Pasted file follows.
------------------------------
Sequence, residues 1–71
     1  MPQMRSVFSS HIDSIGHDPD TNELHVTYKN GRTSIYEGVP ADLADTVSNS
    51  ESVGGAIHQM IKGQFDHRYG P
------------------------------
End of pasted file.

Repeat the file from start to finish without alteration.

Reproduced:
Sequence, residues 1–71
     1  MPQMRSVFSS HIDSIGHDPD TNELHVTYKN GRTSIYEGVP ADLADTVSNS
    51  ESVGGAIHQM IKGQFDHRYG P